Sir I must disagree with you seriously, If you read the independent engineering studies on Melonite it surpasses chrome lining in every study and case. It is harder, it has more lubricity, it wont flake or wear out. It is not a plating but a treatment that actually is thicker than the chrome lining and according to the engineering studies it is rust resistant also to the level of chrome plating. The molecules are changed such that iron oxide (rust) wont adhere to them. If you will look under the sticky posts for the one titled "barrel specs for sport" you will find a bunch of these studies. Every so often we have someone come in and try to extol the virtues of chrome plating. At the time these weapons were designed chrome lining was the best that they could do. Metallurgy has come a long way since and the result is Melonite or Salt Nitride Carburization. Please take some time to read it. If you notice S&W originally put this barrel on the Sport now it is going to a lot of the other models and some of the biggest names in Barrel manufacturing are starting to use it as well. Have a good day!

Here is the link: http://smith-wessonforum.com/smith-w...ecs-sport.html
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Old 06-29-2012, 11:46 AM
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It would probably take a metallurgical engineer to really tell us about melonite and its properties, but the fact remains, the mil spec is hard chrome. Another fact remains. In a quick run down of S&W's "law enforcement" M&P15 product line, I am mostly seeing chromed bores, no melonite. The melonite treatment seems to be reserved for the consumer grade rifles. I must confess though, until your post I thought melonite was an exterior treatment and the OPs bore was unlined.

I've never shot melonite barrels, but do have many rounds thru various chrome lined barrels. A good chrome barrel is accurate, cleans easily, doesn't rust and lasts quite a while.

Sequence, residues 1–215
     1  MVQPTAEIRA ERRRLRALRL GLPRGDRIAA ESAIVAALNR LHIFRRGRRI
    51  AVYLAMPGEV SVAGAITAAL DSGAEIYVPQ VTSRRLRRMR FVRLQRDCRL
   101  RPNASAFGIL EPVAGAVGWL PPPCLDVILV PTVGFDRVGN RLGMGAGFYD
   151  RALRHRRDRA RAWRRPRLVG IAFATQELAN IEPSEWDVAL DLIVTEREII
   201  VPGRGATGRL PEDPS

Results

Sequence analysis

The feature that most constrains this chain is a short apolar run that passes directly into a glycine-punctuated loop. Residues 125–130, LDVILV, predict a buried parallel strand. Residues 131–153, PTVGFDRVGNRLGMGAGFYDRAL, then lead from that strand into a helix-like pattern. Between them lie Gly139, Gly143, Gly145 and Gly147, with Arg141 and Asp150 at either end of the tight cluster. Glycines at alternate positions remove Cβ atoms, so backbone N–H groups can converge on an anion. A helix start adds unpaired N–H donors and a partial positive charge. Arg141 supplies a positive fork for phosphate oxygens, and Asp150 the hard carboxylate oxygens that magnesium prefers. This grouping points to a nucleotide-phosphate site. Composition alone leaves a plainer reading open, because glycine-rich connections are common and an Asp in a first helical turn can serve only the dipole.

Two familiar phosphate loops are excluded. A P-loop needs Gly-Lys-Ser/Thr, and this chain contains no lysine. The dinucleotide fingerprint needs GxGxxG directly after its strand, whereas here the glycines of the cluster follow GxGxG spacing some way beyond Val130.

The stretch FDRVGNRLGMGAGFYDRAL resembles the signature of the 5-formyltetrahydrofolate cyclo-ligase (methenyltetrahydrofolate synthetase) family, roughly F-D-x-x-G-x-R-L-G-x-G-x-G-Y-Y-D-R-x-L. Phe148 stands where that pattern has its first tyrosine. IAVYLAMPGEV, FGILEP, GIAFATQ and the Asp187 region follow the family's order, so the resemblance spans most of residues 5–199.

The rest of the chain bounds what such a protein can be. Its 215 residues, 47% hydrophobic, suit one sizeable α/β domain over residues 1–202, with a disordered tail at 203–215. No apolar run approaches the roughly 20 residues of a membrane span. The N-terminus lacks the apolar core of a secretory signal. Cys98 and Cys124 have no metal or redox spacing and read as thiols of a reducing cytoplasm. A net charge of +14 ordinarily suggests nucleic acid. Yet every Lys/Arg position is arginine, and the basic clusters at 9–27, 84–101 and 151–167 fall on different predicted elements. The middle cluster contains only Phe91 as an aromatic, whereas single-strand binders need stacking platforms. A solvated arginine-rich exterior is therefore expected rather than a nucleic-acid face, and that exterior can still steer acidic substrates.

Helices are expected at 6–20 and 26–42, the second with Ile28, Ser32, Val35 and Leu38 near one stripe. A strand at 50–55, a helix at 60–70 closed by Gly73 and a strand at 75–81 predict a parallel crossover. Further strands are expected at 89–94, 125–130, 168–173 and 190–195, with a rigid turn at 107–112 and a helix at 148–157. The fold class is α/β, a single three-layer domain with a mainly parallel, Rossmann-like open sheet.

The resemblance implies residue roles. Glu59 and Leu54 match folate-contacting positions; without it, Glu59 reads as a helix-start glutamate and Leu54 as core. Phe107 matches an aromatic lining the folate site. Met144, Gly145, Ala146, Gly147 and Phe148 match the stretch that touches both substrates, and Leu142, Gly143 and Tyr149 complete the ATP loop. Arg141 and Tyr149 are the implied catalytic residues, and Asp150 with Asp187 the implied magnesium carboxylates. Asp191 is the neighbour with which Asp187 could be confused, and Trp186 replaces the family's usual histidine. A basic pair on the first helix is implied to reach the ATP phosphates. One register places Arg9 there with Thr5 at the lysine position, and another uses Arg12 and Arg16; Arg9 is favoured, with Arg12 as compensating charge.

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Old 06-29-2012, 12:23 PM
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If you read the treatises in the link you will learn a lot, they do actual comparisons between hard chrome and Melonite. The Melonite wins hands down. Most Police departments have to go by Mil-spec standards when they buy AR type rifles. There are also a lot of departments buying the Sport. In a couple of different forums there are comparisons being done between Colts with the Chrome lined barrel and the Sport. I honestly am waiting to see what failures if any are suffered between the two. The Sport has already shown itself to be twice as accurate in both tests. A lot of people drink the mil-spec koolaid....just remember that spec is close to 50 years old. B52 bombers are also that old but you don't see any of them running around with the avionics that they had when they were new. Just because the Military doesn't want to go through the hassle of a barrel material re-eval it doesn't make their spec the best. I now have two melonite treated barrels one from S&W and another from AR Performance. I love them both. Also it is hard as heck to scratch them....
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Old 06-29-2012, 12:24 PM
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FWIW, there were several reports of rust problems on the XD forums. Springfield Armory XDs are spec'ed with Melonite treatment for both the slides and bbl.s

I own two XDs, an early "M" model and a more recent "SC" carry weapon. I have treated both with Froglube, wear the SC concealed daily in humidity and exposed to sweat and have never had any rust at all. My AR has been treated with FL too and cleans easily. I do clean all my weapons after use and run the bolt on the AR wet with FL, just as I would with any CLP or lube.

I feel the Sport bbl. benefits most from the twist type rather than the melonite but think it is a good process. Any bbl. can show surface rust from abuse or lack of maintenance, IMHO.
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Old 06-29-2012, 12:31 PM
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S&W has just added two new M&P 15 rifles to their list. (Model M&P15 MOE Mid MAGPUL® ) which has a melonite barrels. Check their website.
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Old 06-29-2012, 01:04 PM
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A lot of people drink the mil-spec koolaid....just remember that spec is close to 50 years old.

No koolaid here, just 15 years of satisfaction with hard chromed AR barrels. I understand that melonite is working for you and that is great to hear. Your feedback is appreciated and I have learned new things about melonite from your helpful posts.